beastii – B.E.A.S.T.I.I.

Taking cues from various proto-punk bands, the riotgrrrl stance of the 90s and a classic, fuzzed up garage punk core, beastii’s music is immediately familiar. That’s not to say it’s either tired or safe, however, since the US band attack each riff with an energy and attitude that ensures their material often has a real edginess that punk fans will love.

Arriving at the What’s For Breakfast? label at the end of 2022, their thrashy and punky stance makes them perfect labelmates with Ellen & The Degenerates and Musclegoose, and this release’s highlight ‘Connect The Dots’ really grabs the attention from first listen. Its opening punk riff and shrill vocal might remind some listeners of early material by X; others might hear traces of classic Yeah Yeah Yeah’s – the track has a directness that isn’t so far removed from the best bits of ‘Fever To Tell’ – but beastii bring their own slant to the garage riffs, of course. In this case, the anger is underscored by a brilliant new wave keyboard drone fleshing out the sound and an almost robotic chorus hook accentuates some great sharp edges via a massively repetitive hook. It’s angry, but also conveys a punchy melodicism that pulls in the listener. More importantly, it’s as catchy as hell, and Jen’s forthright vocal immediately sounds like the work of someone who’s been approaching this kind of garage punk for years.

‘Got The Van’ shifts towards a purer punk workout with an overdriven guitar riff powering a great melody. Jen’s relentless guitar buzz often makes the track, serving up riff after riff of old school punk brilliance, but there’s a real appeal in the quasi-melody of her vocal too, as she spits each syllable during a speed driven verse, and taps into the melody of Buzzcocks’ ‘I Don’t Mind’ for another brilliantly repetitive chorus. Perhaps more so than before, the melody here pushes a great rhythm section forward via a loud bass and some very live sounding drums, both of which reinforce the band’s commitment to keeping things DIY. Slowing down, ‘Nothing To Me’ takes a Stooges style riff and puts it through an early Mudhoney filter, when slow and almost garage blues-like grooves unfold beneath an echoing vocal. A great vehicle for showing off the band’s most melodic side, the track comes with a sizeable heart, yet that pumps a proto-punk groove in a way that feels quite menacing due to a mid tempo that takes a hold with immediate effect. A couple of extra layers bring a couple of bell-like keys and a raucous lead guitar break that focuses more on the angular than the melodic but, in the main, the core riff is king, and Jen hammers her guitar with the kind of intent and intensity that’s sure to please fans genre fans.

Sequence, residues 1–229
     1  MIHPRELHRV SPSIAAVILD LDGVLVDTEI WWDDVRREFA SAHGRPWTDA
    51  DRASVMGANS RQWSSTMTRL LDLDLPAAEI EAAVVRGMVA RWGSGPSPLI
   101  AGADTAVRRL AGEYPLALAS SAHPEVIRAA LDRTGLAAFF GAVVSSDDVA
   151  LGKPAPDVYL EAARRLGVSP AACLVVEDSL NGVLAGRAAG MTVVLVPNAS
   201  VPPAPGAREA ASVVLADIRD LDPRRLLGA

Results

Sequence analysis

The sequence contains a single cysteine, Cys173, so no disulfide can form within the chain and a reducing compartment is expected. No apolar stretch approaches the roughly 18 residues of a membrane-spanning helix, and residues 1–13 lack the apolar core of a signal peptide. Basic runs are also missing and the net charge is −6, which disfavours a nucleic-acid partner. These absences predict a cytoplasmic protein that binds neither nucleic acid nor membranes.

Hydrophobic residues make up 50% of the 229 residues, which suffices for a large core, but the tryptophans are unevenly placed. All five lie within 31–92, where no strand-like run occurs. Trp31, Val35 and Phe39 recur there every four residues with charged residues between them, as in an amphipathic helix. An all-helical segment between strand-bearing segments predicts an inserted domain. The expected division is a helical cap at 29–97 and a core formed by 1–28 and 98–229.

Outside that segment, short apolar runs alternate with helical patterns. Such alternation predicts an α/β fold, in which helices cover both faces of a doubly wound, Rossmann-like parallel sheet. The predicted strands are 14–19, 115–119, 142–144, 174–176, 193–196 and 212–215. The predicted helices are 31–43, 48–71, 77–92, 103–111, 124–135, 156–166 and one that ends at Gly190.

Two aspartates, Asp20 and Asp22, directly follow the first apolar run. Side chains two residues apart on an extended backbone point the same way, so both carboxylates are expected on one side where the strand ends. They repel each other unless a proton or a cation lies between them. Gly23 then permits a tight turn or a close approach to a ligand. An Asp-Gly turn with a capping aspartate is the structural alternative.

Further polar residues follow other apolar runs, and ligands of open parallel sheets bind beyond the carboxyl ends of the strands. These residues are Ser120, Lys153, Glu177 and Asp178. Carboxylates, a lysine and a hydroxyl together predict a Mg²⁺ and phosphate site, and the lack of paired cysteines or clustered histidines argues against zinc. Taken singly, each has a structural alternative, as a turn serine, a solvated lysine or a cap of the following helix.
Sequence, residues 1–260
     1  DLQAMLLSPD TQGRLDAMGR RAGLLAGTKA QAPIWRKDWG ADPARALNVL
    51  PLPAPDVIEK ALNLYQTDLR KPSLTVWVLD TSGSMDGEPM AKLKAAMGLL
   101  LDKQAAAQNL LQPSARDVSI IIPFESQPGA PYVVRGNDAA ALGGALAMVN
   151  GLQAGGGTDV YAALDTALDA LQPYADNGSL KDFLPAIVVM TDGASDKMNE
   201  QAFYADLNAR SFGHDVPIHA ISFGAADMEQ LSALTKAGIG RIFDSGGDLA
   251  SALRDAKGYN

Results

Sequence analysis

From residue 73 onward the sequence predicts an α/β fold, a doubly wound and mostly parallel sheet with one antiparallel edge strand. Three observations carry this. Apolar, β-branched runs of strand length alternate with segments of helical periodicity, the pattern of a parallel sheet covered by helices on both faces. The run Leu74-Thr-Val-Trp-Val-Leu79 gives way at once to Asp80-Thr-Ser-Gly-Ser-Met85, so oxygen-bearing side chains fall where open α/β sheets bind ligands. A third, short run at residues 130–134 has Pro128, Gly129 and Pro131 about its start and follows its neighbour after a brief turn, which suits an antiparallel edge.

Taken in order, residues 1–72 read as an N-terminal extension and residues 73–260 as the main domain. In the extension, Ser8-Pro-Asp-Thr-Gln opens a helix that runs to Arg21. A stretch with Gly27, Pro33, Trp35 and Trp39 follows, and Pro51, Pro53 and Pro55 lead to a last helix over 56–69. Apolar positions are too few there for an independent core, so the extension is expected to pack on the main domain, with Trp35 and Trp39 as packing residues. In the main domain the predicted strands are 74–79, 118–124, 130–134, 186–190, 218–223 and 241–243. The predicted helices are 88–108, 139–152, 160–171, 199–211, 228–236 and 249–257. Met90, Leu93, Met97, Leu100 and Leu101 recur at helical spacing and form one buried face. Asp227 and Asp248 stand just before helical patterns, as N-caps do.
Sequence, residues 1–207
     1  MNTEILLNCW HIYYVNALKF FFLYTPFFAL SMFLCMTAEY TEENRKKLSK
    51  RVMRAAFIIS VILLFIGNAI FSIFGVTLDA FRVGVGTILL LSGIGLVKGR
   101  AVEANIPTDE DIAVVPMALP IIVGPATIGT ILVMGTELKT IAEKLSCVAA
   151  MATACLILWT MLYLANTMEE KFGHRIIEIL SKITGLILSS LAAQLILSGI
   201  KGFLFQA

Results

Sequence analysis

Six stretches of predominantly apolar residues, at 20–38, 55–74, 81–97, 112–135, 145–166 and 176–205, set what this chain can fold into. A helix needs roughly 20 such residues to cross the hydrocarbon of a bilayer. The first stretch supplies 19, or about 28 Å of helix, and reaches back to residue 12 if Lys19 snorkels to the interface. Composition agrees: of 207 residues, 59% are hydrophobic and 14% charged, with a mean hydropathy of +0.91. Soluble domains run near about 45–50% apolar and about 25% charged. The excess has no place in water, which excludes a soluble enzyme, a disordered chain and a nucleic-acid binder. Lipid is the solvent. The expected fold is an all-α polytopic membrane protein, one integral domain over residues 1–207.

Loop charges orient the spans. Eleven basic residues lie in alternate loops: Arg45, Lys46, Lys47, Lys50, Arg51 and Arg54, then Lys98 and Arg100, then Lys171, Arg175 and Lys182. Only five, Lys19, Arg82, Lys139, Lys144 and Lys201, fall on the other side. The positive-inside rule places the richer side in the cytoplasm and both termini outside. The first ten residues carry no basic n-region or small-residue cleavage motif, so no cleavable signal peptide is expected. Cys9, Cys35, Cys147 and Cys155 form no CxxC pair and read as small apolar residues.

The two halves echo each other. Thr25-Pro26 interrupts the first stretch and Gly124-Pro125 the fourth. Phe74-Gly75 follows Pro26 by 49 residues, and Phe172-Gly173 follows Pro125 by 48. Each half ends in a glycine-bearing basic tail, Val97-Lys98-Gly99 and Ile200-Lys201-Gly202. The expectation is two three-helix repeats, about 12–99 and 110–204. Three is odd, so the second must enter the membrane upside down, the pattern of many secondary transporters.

Keeping with the slower pace, ‘Why Why Why’ works another dirty riff but overlays that with a sharp lead which helps make it feel very different to the rest of the material. The track’s instrumental moments often seem to dominate over the vocal, but that’s not to say Jen’s ever lax, or taking a back seat. The way she uses her voice to create an ominous atmosphere during the verse and then escalates the anger for a really intense chorus shows off a classic style. In a performance cut from the riotgrrrl cloth – and mangled later by the likes of Hands Off Gretel – beastii sound a hundred percent natural, and with no time for needless guitar solos or other indulgences, the track makes an indelible impression somewhere around the third listen. A cover of The Violators’ ‘Summer of ‘81’, meanwhile, casts a spotlight on something a little faster, and although the band choose to play it pretty straight, a much louder drum sound and fiery guitar part helps to make beastii’s recording sound a little more urgent. Jen’s vocal is very respectful to Helen Hill but by no means a direct copy; her approach is a touch more US garage punk than UK second wave, but it’s perfect for the job in hand and she attacks the performance with a real verve, whilst drummer Chris delivers another hefty sounding drum part that goes a long way to giving the recording its genuine edge.

A departure from their usual garage punk, ‘Praise Boss’ shows how beastii are capable of really shaking up their sound when a world of programmed drum loops, synth pop drones, strange calypso derived bleeps and a flat vocal sounds like the work of an entirely different band. Although there isn’t much in common, at least musically, there’s something about this quickly hashed out piece that’s vaguely reminiscent of M.I.A.’s love it or hate it mash-up sound. It’s…horrible, but luckily, this off-kilter lockdown recording is in and out in under a minute and a half, so by the time you find yourself wondering where it’s going, or if the band have somehow lost the plot, it’s gone.

The bulk of this release was released as digital singles between 2018 and 2020, but the opportunity to hear the tracks in one hit makes them sound even better. Six songs is just enough to get the measure of the beastii without anything becoming predictable or stale, and in darting between garage punk, a little hardcore, a touch of rock and even new wave, their lo-fi sound is also varied enough to feel so much richer than your average DIY punk act. Whichever way you approach this, there’s so much for genre fans to get excited about. This release is hard edged and raw, yet at the same time, it conveys a familiarity that makes this young band’s brand of noise strangely user-friendly. Even with ‘Praise Boss’ doing its very best to offset some otherwise great sounds, this is a recommended listen.

December 2022